Tuesday, June 23, 2009

Death penalty meeting-June 23/ People Power Pushed the New Deal

The Baltimore Coalition Against the Death Penalty will meet on Tuesday, June 23, at 7 pm in the offices of the AFSC at 4806 York Rd in Baltimore.
The primary topic will be the planned forum on Troy Davis (on Georgia's death row) and the current status of the death penalty in MD.
The forum is to be held Tuesday, July 14, 09, at 7 pm in the Church Hall of the First Unitarian Church downtown.  (The church hall is on Charles St, 1/2 north of Franklin St.)
Please join us in organizing the activities to make the forum a success.
Terry Fitzgerald

People Power Pushed the New Deal


by Sarah Anderson

YES! Magazine Summer 2009: The New Economy



Roosevelt didn't come up with all those progressive programs on his own.


Farmers crowd around the auctioneer at a foreclosure

sale in Nebraska Farmers crowd around the auctioneer at

a foreclosure sale in Nebraska, intimidating potential

bidders so they can buy the farm for a low price. Farms

bought at such "penny auctions" were returned to their

owners. During the Great Depression, my grandfather ran

a butter creamery in rural Minnesota. Growing up, I

heard how a group of farmers stormed in one day and

threatened to burn the place down if he didn't stop

production. I had no idea who those farmers were or why

they had done that--it was just a colorful story.


Now I know that they were with the Farmers' Holiday

Association, a protest movement that flourished in the

Midwest in 1932 and 1933. They were best known for

organizing "penny auctions," where hundreds of farmers

would show up at a foreclosure sale, intimidate

potential bidders, buy the farm themselves for a

pittance, and return it to the original owner.


The action in my grandfather's creamery was part of a

withholding strike. By choking off delivery and

processing of food, the Farmers' Holiday Association

aimed to boost pressure for legislation to ensure that

farmers would make a reasonable profit for their goods.

Prices were so low that farmers were dumping milk and

burning corn for fuel or leaving it in the field.


The Farmers' Holiday Association never got the

legislation it wanted, but its direct actions lit a

fire under politicians. Several governors and then

Congress passed moratoriums on farm foreclosures.

President Franklin Delano Roosevelt, telling advisors

that he feared an "agrarian revolution," rushed through

reforms that helped millions of farmers stay on their

land. These new policies regulated how much land was

planted or kept in reserve. Although it was eventually

replaced by the massive subsidies that today favor

large agribusiness and encourage overproduction,

Roosevelt's original program supported some of the most

prosperous and stable decades for U.S. farmers.


This is just one example of how strong grassroots

organizing during the last severe U.S. economic crisis

was key in pushing some of that era's most important

progressive reforms. Social Security is another such case.


The Depression had been particularly tough on the

elderly, millions of whom lost their pensions in the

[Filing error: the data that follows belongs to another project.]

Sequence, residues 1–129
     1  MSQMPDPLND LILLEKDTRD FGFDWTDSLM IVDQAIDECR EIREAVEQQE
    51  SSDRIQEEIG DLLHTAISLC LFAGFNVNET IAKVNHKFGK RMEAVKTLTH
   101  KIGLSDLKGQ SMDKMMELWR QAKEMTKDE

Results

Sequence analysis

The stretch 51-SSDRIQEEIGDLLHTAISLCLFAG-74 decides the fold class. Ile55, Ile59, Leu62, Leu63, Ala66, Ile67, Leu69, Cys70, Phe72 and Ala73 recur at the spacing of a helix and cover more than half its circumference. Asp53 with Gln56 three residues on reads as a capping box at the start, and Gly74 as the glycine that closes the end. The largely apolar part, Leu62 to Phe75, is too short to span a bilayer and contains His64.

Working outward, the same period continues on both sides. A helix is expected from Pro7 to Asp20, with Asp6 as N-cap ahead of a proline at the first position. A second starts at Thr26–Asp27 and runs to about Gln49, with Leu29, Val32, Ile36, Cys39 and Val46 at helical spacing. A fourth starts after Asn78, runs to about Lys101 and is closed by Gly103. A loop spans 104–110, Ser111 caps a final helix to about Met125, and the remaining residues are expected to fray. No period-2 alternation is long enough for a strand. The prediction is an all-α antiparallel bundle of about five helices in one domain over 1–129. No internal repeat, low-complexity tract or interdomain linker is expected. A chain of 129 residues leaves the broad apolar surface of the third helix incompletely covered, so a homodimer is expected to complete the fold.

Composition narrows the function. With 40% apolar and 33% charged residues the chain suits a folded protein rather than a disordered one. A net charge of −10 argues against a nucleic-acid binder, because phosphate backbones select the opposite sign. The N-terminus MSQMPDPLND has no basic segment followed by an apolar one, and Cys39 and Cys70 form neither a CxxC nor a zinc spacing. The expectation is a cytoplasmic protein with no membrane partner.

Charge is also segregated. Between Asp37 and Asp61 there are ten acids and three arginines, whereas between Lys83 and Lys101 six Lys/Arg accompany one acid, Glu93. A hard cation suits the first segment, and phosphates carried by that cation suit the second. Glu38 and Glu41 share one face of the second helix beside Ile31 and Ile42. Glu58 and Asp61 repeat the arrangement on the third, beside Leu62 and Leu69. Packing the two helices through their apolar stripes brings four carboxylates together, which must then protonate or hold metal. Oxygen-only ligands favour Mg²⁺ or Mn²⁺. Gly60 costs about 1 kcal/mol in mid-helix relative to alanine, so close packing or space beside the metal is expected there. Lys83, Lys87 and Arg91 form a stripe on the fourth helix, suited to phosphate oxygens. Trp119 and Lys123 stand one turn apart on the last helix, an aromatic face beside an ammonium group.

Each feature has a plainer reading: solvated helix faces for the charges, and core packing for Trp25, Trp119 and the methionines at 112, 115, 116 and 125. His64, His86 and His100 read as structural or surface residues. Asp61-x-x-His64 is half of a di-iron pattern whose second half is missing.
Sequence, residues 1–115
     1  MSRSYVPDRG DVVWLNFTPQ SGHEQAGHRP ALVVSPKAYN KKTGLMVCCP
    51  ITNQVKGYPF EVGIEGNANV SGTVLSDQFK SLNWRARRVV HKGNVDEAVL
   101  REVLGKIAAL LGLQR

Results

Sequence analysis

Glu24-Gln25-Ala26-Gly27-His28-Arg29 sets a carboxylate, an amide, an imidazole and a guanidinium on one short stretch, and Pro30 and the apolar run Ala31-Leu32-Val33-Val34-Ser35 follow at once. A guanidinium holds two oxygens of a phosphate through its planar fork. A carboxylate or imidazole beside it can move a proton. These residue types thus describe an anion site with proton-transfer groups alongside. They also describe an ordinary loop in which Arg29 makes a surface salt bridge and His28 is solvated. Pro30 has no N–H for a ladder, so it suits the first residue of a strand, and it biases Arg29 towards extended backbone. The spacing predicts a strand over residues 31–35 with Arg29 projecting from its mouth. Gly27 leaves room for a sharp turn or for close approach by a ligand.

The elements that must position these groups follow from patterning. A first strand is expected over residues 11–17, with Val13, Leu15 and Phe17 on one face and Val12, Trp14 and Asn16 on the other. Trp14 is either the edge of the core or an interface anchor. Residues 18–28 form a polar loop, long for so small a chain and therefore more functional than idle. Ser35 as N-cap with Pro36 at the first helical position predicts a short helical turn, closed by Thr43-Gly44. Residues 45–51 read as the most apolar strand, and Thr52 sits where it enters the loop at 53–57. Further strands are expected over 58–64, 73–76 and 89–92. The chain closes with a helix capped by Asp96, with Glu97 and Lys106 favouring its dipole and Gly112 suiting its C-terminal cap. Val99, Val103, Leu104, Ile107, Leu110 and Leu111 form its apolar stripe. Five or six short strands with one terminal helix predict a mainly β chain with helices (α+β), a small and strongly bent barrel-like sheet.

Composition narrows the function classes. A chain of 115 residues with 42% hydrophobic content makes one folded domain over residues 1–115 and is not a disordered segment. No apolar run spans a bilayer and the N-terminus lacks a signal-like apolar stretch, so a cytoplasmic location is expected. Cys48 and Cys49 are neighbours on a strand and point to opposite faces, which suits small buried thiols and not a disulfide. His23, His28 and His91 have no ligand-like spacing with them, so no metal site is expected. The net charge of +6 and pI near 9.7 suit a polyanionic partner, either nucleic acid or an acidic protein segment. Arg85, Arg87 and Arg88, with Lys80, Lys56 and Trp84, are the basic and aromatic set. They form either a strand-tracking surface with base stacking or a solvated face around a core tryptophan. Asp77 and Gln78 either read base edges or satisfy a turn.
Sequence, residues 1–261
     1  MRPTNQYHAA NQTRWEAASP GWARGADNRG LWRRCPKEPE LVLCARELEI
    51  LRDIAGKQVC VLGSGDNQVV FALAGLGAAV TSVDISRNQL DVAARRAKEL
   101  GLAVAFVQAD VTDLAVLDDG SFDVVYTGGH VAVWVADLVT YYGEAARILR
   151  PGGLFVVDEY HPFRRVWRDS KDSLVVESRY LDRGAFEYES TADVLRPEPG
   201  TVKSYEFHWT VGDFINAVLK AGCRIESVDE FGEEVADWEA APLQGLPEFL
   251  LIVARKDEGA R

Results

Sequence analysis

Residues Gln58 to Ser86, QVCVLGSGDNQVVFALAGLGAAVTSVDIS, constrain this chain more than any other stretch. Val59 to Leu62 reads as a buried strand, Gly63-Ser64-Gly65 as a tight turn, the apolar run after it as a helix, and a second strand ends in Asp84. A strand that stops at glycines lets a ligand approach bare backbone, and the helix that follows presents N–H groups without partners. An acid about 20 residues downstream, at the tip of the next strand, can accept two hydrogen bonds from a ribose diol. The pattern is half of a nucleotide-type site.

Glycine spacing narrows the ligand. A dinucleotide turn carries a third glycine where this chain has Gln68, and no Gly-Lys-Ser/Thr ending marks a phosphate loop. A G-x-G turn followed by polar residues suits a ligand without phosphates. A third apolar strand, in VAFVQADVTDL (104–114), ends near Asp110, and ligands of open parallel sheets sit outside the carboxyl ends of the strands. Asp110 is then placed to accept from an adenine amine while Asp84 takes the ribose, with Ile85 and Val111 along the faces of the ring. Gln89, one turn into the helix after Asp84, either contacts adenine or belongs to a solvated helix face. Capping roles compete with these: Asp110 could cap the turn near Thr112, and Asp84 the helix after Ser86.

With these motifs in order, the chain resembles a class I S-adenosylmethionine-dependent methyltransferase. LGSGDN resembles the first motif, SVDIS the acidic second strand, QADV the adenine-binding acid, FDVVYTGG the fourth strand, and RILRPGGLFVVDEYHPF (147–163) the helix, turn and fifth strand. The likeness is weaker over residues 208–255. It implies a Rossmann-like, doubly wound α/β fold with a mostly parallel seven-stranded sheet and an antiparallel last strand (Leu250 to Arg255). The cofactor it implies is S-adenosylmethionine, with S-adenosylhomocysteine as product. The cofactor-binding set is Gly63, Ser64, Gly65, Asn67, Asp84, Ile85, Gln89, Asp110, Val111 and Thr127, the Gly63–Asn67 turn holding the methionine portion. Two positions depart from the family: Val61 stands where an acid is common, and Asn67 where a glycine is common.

stock crash and had few options for employment.

Roosevelt, however, felt the nation was not ready for a

costly and logistically challenging pension program.


Then a retired California doctor named Francis E.

Townsend wrote to the editor of his local paper,

proposing a pension system that would also stimulate

the economy by offering $200 per month to every citizen

over 60, on the condition that they spend the entire

amount within 30 days. The idea spread like wildfire.

Thousands of Townsend Clubs around the country wrote

millions of letters to the President and Congress

demanding the pension system Townsend suggested.


Roosevelt, reportedly concerned that Townsend might

join with populist Louisiana Senator Huey Long to

challenge him in the 1936 election, eventually changed

his position. Although he rejected the details of the

Townsend Plan, Roosevelt pushed through legislation in

1935 that created Social Security, still one of the

country's most important anti-poverty programs.


Seventy-five years later, these stories offer important

lessons for a country again mired in economic crisis.

Neither the Farmers' Holiday Association nor the

Townsend Clubs got exactly what they wanted. But their

bold demands and action moved the policy debate much

further than it would have gone had these social

movements not existed.


Like President Barack Obama, Roosevelt was an extremely

popular leader, particularly among the disadvantaged

who saw him as their champion. But it wasn't enough to

have a generally good guy in the White House. Likewise

today, our chances of achieving real change have more

to do with the power of social movements than with the

occupant of the Oval Office. Obama has opened some

doors of opportunity, but to go beyond economic

recovery to a more just and sustainable economy, we'll

need to follow in the footsteps of Depression-era

activists and organize around bold ideas.


Sarah Anderson wrote this article as part of The New

Economy, the Summer 2009 issue of YES! Magazine. Sarah

directs the Global Economy Project at the Institute for

Policy Studies.   YES! Magazine encourages you

to make free use of this article by taking these easy

steps. http://yesmagazine.org/article.asp?ID=3502




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